The definition provision (Regulation 1.2.1) of the FSS Regulations in para 1 defines the term Best before” and para 10 on the other hand talks about “Use by” in the manner mentioned below:
“Best before” “Best before” means the date till which the food will remain fully marketable and will retain any specific qualities for which express claims have been made, but beyond such date, the food may still be perfectly safe to consume, though its quality may have diminished. However, the food will not be sold if it can be perceived that the food has become unfit for consumption.
“Use by” “Use – by date” or “Recommended last consumption date” or “Expiry date” means the date, after which the food probably will not have the quality and safety attributes normally expected by the consumers and such expired food product will not be allowed to be sold.
These two terms are mandated declarations to be printed on the label of the packaged food products regarding the ideal time by when food should be consumed or not consumed beyond an expiry date.
Some important aspects regarding the declarations from Regulation 10 of the Food Safety and Standard (Packaging and Labelling) Regulation of 2011 are as follows:
- In case of package or bottle containing sterilised or Ultra High Temperature treated milk, soya milk, flavoured milk, any package containing bread, dhokla, bhelpuri, pizza, doughnuts, khoa, paneer, or any uncanned package of fruits, vegetable, meat, fish or any other like commodity, the declaration to be made should contain the following information:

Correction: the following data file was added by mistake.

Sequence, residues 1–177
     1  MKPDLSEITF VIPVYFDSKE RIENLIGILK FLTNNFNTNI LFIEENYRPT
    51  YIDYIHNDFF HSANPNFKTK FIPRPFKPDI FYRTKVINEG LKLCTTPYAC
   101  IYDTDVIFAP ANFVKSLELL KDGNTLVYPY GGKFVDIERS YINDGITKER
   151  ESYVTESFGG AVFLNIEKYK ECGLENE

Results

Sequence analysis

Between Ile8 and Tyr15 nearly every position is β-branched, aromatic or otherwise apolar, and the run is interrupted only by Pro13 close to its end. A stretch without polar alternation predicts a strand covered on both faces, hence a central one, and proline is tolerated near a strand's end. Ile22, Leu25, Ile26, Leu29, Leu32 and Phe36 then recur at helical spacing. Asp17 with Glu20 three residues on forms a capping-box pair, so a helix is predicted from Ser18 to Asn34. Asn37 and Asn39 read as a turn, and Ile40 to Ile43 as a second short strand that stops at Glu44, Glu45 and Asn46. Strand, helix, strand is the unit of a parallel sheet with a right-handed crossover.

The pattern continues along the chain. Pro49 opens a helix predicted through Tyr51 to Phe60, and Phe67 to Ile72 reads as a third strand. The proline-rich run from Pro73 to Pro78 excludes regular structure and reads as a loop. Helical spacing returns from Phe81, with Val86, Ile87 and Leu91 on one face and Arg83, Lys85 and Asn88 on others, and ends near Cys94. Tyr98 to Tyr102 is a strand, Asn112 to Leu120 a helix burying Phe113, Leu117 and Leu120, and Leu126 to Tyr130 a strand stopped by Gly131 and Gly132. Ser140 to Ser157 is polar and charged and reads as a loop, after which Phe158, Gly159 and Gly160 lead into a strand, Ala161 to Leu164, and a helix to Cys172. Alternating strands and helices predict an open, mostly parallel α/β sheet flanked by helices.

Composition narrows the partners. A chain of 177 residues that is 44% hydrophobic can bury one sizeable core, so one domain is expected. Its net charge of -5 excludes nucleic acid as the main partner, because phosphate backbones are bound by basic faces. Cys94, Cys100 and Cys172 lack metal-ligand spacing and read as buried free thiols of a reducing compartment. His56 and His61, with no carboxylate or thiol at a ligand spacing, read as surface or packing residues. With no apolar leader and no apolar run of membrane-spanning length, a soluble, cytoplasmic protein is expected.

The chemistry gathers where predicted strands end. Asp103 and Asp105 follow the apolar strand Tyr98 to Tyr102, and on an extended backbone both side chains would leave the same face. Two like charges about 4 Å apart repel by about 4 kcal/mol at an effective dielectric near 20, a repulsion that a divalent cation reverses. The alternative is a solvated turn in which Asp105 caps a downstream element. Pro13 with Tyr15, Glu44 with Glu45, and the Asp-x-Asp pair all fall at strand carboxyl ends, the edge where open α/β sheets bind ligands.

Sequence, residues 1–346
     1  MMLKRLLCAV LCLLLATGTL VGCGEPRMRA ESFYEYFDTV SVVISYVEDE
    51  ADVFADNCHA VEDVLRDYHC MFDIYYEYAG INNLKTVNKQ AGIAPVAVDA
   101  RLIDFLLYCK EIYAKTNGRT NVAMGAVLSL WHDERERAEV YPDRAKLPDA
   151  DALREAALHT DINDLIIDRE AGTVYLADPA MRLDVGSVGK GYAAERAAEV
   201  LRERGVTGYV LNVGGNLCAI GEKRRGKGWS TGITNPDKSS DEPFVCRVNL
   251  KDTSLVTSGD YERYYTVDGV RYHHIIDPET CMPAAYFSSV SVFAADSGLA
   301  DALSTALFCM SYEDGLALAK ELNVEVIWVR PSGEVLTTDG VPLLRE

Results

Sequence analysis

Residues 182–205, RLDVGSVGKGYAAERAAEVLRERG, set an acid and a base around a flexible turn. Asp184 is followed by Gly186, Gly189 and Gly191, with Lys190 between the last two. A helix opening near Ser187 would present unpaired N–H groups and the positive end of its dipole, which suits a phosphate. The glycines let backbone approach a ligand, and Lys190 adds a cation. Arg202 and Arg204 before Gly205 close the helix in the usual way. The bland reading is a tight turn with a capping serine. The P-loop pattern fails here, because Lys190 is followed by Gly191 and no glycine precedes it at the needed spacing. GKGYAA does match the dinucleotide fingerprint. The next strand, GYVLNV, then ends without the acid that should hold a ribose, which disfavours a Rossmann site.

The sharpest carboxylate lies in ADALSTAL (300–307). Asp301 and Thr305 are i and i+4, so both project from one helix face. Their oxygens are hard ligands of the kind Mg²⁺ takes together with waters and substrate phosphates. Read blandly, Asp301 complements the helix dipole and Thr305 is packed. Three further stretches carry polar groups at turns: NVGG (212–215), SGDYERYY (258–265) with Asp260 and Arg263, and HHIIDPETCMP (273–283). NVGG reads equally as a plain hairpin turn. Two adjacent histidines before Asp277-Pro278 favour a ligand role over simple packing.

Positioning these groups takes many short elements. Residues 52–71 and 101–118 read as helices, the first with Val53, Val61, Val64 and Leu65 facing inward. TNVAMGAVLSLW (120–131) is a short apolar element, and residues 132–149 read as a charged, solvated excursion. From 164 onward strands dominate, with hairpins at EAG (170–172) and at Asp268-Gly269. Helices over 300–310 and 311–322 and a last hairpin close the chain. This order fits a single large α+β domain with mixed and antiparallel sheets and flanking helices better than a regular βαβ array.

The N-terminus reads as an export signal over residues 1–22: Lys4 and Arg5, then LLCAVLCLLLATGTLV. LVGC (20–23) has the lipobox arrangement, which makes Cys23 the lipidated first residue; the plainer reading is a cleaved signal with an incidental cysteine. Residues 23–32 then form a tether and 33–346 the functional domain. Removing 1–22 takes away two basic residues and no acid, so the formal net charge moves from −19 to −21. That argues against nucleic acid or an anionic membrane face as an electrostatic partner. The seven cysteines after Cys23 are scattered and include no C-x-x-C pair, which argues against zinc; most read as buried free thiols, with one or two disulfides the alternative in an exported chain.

“BEST BEFORE ………. DATE/MONTH/YEAR” OR “BEST BEFORE……..DAYS FROM PACKAGING” OR “BEST BEFORE …….. DAYS FROM MANUFACTURE” [Regulation 10(ii)]
- On packages of Aspartame, instead of Best Before date, Use by date/recommended last consumption date/expiry date will have to be declared, which will not be more than three years from the date of packing. [Regulation 10(iii)]
- In case of infant milk substitute and infant foods, instead of Best Before date, Use by date/ recommended last consumption date/expiry date needs to be declared. [Regulation 10(iv)]
- In case of wines, liquor or alcoholic beverages containing 10 percent or more by volume of alcohol, no such declaration regarding best before date for consumption will be required to be given. [Regulation 10(iv)]
Consequent to a 2017 amendment brought to Rule 6 the Legal Metrology (Packaged Commodities) Rules, a new sub-clause “da” was added in Rule 6(1)(d) where if a package contains a commodity which may become unfit for human consumption after a period of time, the ‘best before or use by the date, month and year’ needs to be mentioned on the label. However, a proviso to this clause clarifies that if a provision in this regard is made in any other law, then this new sub-clause will not apply. So, in that case, the FSS Regulations will prevail over this requirement.
However synonymous the connotations “Best before” and “Use by” might sound, these semantics differ largely. The former is a mild forewarning that the packed food will remain edible and suitable for consumption till the ‘Best before date’ if kept under specified storage conditions. The food will still be fit for selling even though the quality might have undergone a change. The latter on the other hand is a solemn admonition. It signifies the end of the estimated period under any stated storage conditions after which the packed food probably will not have retained the desired quality and safety attributes of normal expectations. The food will also not be fit for selling and marketing purposes. Simply put, never consume anything beyond the use by date and be weary of food products beyond their best before date.
Therefore, Caveat Emptor!
Sristy Ghosh (Legal Associate, Lexplosion Solutions Private Limited.)